Panel advocates need for cloud computing data security standard

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Panel advocates need for cloud computing data security standard

Ron Condon

 I'd rather have a secure [cloud data] centre in Mumbai than an insecure one in Manchester.
Iain Bourne
Head of Data Protection Projects, Information Commissioner's Office

LONDON -- In the absence of established cloud computing data security standards to audit cloud-based service providers, companies wanting to move their IT to the cloud must apply due diligence before committing themselves to a supplier.

"Procurement needs to be done with great care in order to reduce risks. You need to use a lot of common sense," said Iain Bourne, head of data protection projects at the Information Commissioner's Office. Smaller organisations, which do not have access to lawyers and expensive consultants, are especially at risk. "What they need is a good set of contractual rules they can use to guide them," he said, adding that the ICO will soon issue a guide on the subject aimed at smaller companies.

Bourne's comments came at the Cloud Computing World Forum in London during a panel session, which he shared with Robert Johnson, head of front-office technology for Mitsubishi UFJ Securities International and Ron Brown, European director of cloud services for CSC Corp.

Johnson said it would be impossible for him to entrust financial information to the cloud because of suppliers' inability to provide evidential proof or a clear audit trail in the event of a breach. "Without those things, you cannot trust the cloud," he said.

Johnson added that it will take some time for the law and auditors to catch up with technological developments, and that, in the meantime, companies should apply common sense when deciding how to use cloud suppliers. "You can't store sensitive data out there [in the cloud] yet," he said. "But banks are like sheep. Once one does it, others will follow. However, we do need some standardisation of security in the cloud."

Brown agreed on the need for some standardised auditing rules that could measure a cloud supplier's security, but in the meantime he said CSC has built up a private list of cloud suppliers that it knows it can trust. "Twenty years ago, the auditors stopped companies [from] outsourcing their IT, but eventually they changed. The same will happen with the cloud," he said.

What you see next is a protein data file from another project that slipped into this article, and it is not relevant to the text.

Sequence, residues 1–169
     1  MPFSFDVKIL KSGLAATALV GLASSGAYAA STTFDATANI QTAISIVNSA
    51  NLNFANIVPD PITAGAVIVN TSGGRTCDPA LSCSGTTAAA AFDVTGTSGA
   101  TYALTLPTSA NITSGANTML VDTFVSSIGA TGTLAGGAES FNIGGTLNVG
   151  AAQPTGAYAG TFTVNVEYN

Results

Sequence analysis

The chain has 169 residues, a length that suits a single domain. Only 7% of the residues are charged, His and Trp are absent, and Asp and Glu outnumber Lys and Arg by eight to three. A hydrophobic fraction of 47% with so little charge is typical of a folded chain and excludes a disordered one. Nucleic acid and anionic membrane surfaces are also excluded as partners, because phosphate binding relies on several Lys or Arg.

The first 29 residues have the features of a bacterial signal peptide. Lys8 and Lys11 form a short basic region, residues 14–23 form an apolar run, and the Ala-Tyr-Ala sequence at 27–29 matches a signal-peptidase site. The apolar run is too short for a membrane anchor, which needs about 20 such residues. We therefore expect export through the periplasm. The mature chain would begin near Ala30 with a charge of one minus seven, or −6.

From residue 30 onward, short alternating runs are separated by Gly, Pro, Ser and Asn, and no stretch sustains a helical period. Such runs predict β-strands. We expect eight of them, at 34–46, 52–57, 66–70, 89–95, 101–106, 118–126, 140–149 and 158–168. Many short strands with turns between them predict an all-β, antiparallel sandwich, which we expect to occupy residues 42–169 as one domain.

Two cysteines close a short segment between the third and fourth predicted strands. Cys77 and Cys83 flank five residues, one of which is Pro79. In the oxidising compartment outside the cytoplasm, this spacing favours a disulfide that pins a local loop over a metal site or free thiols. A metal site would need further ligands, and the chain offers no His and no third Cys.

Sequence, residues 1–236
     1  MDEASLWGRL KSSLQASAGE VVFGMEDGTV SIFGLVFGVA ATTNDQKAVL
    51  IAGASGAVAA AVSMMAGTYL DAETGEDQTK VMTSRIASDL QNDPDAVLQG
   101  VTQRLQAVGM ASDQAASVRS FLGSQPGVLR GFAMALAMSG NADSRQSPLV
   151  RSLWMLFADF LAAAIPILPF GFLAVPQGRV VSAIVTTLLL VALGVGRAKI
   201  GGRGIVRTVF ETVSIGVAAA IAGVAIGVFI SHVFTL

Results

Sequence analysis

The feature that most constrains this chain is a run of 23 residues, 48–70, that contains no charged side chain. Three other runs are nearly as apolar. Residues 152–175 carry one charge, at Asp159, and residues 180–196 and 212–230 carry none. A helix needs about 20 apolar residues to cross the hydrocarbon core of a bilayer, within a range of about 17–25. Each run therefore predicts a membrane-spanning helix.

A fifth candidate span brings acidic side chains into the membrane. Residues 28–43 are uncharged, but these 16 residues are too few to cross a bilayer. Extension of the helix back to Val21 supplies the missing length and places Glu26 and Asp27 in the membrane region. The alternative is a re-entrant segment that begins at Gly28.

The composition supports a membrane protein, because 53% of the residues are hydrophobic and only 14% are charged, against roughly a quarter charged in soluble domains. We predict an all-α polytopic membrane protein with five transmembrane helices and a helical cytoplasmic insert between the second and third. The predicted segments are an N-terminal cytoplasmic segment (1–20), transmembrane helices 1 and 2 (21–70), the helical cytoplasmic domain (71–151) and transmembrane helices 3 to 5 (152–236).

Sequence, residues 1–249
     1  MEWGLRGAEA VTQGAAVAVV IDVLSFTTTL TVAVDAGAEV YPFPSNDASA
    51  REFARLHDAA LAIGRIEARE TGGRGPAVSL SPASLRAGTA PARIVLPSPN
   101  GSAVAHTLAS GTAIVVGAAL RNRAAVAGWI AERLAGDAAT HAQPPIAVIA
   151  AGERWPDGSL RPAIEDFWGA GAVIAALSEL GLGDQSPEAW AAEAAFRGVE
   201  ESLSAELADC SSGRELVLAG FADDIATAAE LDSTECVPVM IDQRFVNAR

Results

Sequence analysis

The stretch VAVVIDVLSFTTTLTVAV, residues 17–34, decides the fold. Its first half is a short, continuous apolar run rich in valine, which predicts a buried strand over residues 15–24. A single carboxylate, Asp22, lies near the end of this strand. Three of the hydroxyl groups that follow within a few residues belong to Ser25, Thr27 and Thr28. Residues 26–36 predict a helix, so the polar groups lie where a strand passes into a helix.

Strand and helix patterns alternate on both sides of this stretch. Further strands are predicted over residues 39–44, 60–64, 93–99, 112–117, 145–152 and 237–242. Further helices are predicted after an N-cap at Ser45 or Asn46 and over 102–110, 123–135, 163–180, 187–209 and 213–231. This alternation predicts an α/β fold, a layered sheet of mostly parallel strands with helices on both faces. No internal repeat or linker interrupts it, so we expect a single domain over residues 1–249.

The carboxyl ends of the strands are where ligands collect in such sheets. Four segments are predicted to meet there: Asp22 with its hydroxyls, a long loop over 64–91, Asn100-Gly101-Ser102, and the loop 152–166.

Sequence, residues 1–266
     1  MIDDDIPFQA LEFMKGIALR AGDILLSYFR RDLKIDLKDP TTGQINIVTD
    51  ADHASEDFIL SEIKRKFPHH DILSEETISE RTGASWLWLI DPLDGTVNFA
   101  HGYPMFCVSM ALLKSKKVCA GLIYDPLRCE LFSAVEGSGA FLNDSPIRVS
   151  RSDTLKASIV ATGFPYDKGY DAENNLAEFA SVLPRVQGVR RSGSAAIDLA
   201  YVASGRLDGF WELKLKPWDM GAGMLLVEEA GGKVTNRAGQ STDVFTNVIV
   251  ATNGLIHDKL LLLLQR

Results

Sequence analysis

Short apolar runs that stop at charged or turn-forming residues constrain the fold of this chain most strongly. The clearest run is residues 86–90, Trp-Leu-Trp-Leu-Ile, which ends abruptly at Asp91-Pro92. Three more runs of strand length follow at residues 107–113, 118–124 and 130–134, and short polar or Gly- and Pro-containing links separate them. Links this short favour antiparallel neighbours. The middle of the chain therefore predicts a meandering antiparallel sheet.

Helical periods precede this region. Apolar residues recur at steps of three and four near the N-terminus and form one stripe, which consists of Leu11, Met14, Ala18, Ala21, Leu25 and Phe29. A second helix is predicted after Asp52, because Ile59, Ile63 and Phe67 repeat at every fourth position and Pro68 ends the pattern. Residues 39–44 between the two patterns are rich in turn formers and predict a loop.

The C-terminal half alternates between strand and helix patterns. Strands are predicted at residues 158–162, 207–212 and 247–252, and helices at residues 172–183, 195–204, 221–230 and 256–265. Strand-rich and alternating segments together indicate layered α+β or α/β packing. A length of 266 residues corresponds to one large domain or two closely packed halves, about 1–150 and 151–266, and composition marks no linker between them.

Bourne also hinted that the strict EU rules limiting where personal information can be physically stored will have to change. "The rules governing this are beginning to look arcane," he said, adding that a new EU data protection directive must give "more realistic treatment" to data.

"We can't control where information is, we just need to stay in control of the information the cloud suppliers collect," Bourne said. "I'd rather have a secure centre in Mumbai than an insecure one in Manchester."

Other security professionals agree that auditing standards are needed, but they will take some time to develop. Justin Pirie, director of communities and content for Mimecast Services Ltd., a supplier of managed email services, said: "It is hard for customers to tell the difference between a cloud vendor with a properly architected delivery infrastructure and one that has patched it together and is using cloud as a badge. Various standards initiatives are underway, but [the] cloud is so far removed from traditional IT that it is proving a complex task."

Until a suitable industry standard can be agreed upon, Pirie said, "it is vital that potential buyers of cloud services do their own due diligence and ensure the technology they use is robust, properly architected and secure."

In the meantime, advice on how to perform such due diligence is available in the form of the Cloud Security Alliance's downloadable best practice guide, the Jericho Forum's document on how to select applications for the cloud , and the Information Commissioner's Office's guide for handling privacy online and SME checklist (.pdf).


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